So my question is; Did the Dutch traders ship beer as a commodity in trade for Asian goods? If yes, what years, what style? Were hops used in any manner then?
I got word from Ron Pattison of the extremely excellent European Beer Guide that he has started a blog. In his initial post he considers his lot in life, the prospect of blogging and especially his relation to the masses of beery information he has amassed and fell in love with through the years:
The internet. That's where sad loners, their heads full of words no-one wants to hear, feel at home. Hi! Great to be here. I'm sure we're going to get on really well.Excellent stuff and, along with Knut's heads up about Maeib, who is more of a toddler rather than a newborn, the second new UK beer blog I learned about today.
Barclay Perkins. Barclay Perkins. How liberating it feels to say those two forbidden words out loud. It isn't allowed here. How many times have I heard Andrew or Alexei say: "Shut up about your stupid Barclay Perkins." It's weird. My kids have no interest in the changes in Mild grists between 1880 and 1890. What's wrong with them? Have I taught them nothing?
There is nothing slacker than a blogger blogging about what another blog is blogging about. But I am compelled this weekend by the advance in thought about "craft beer" that Lew Bryson has, characteristically, trigged and Stonch has expanded upon in relation to UK brewing. Just as Hobbes's Leviathan has that mid-book chapter that summarizes everything and so is the better point of entry, so too has Lew provided a very useful summary at about comment 38:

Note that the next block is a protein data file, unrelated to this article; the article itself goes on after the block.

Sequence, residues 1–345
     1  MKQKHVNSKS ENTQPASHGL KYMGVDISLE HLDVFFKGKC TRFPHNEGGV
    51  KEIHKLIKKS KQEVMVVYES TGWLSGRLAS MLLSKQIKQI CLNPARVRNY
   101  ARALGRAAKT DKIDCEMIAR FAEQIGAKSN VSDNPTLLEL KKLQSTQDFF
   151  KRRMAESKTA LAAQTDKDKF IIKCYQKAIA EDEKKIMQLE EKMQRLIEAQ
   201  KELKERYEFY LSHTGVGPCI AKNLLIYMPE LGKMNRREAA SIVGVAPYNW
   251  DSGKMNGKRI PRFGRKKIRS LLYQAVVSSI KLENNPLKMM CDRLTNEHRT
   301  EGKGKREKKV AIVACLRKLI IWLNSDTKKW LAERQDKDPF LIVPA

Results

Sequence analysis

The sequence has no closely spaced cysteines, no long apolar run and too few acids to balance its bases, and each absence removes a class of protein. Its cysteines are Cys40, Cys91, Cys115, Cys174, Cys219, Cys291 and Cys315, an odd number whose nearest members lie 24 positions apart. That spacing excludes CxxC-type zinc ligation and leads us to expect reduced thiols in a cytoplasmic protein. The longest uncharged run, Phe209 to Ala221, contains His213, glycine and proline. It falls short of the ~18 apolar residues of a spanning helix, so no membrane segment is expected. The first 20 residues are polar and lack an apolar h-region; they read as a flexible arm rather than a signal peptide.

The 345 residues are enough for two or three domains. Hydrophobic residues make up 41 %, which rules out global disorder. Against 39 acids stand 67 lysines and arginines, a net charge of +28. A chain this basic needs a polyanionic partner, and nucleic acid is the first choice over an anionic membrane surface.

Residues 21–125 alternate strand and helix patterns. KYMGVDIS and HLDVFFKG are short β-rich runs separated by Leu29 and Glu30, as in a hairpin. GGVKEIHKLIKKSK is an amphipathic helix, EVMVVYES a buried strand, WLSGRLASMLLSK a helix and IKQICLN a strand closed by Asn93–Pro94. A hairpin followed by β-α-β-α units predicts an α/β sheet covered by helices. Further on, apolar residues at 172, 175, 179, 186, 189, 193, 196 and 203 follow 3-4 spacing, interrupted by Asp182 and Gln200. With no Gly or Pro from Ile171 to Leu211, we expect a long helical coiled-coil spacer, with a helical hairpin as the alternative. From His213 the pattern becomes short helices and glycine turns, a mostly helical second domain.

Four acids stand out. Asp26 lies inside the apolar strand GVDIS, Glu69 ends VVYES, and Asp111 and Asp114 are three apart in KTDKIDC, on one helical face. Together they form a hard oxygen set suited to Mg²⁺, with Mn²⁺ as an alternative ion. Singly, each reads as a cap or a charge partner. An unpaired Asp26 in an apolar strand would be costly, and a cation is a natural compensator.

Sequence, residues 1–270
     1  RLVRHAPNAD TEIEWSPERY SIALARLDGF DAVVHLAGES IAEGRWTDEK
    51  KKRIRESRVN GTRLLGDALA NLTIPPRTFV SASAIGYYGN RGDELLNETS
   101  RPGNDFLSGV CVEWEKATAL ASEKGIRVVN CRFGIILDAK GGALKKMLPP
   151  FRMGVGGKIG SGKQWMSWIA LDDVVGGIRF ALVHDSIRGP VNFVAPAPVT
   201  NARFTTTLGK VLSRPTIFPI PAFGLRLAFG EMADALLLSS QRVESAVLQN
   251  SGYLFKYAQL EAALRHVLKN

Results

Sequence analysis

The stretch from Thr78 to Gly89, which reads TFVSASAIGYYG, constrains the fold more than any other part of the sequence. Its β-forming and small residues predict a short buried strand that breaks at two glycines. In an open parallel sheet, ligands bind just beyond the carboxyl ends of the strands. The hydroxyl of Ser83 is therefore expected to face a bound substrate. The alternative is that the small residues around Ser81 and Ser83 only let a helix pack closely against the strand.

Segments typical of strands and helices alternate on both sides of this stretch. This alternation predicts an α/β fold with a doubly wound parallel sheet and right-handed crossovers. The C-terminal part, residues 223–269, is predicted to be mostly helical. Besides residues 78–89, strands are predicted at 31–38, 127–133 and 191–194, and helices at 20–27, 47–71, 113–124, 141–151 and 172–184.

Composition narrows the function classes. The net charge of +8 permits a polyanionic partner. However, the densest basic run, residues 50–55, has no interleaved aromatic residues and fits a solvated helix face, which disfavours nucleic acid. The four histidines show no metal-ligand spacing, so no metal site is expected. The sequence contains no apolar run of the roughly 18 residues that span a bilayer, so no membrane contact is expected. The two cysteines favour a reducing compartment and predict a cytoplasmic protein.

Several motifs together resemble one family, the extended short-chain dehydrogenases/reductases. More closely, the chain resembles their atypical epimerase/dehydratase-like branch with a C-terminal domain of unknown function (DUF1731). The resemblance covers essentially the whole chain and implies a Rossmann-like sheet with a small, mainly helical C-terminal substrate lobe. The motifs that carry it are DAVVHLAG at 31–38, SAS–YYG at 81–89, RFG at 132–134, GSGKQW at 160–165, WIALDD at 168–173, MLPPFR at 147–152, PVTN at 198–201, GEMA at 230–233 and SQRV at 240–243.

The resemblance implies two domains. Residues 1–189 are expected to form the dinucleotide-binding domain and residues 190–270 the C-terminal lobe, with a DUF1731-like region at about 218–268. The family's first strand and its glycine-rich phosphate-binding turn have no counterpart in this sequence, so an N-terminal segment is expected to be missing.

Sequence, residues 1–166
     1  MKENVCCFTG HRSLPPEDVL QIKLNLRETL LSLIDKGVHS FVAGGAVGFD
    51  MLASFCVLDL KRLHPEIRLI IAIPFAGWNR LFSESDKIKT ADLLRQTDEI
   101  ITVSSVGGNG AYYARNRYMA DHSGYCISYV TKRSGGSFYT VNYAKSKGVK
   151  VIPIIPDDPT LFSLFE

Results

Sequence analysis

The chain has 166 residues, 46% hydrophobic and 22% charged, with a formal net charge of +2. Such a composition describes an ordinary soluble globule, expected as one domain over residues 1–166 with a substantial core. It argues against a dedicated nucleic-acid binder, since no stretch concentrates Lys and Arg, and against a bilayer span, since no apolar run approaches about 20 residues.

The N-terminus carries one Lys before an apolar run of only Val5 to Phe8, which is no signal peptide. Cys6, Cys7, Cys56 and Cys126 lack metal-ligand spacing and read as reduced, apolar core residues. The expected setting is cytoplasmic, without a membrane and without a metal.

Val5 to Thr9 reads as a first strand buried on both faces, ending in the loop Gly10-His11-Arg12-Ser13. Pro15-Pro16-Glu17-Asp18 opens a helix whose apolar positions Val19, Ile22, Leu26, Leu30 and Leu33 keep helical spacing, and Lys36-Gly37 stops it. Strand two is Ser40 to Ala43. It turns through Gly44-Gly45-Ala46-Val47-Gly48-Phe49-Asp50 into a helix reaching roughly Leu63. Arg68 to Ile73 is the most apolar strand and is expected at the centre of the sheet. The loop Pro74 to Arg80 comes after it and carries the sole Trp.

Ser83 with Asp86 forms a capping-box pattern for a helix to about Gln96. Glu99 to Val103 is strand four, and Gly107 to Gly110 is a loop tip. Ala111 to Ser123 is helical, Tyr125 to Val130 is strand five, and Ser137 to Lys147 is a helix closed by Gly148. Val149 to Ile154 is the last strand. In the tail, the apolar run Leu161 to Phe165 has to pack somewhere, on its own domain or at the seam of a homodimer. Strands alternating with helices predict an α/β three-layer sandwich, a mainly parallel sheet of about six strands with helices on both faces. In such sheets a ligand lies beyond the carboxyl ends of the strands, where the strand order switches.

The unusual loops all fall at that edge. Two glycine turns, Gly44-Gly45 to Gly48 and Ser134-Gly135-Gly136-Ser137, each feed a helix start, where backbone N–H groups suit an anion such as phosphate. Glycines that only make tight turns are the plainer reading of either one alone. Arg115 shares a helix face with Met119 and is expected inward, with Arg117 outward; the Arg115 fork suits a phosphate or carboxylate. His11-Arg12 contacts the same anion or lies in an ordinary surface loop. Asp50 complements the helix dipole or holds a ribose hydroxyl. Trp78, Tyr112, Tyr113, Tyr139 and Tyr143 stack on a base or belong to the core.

We're getting some divergent ideas of what "craft beer" means.While I am happy to have entered into the discussion about beer in the way A Good Beer Blog and your reading and commenting allows, I am still in many ways at a loss as to what it is I am doing. Some days I wake up and think "what am I going to do for beer today" as I try to think about a topic for the next post. Other days I think this is all a huge waste of time and a cover for a problem. But, still, there is that thing, that discussion happening about the product of people who work a craft in the way that sets it apart - it is not an industry at a certain level - and that is what compels. There is an exchange of craft for value that is like the art on my walls or the organic farmer's way. And its product is both an end and a means: at its best a refined and delicate consumable product as well as an opportunity for conviviality, an anti-snobbish agency that is also transferred with the ale or lager that can improve one's life as part of a larger genial community if you let it. And that second bit is actually free.A different kind of beer.I like Sid's UK view of "no craft, no macro," just "micro" and "brewery," based loosely on size, but it doesn't address the beer...which is probably more a reflection of the wider variety of beer that's always been available in the UK.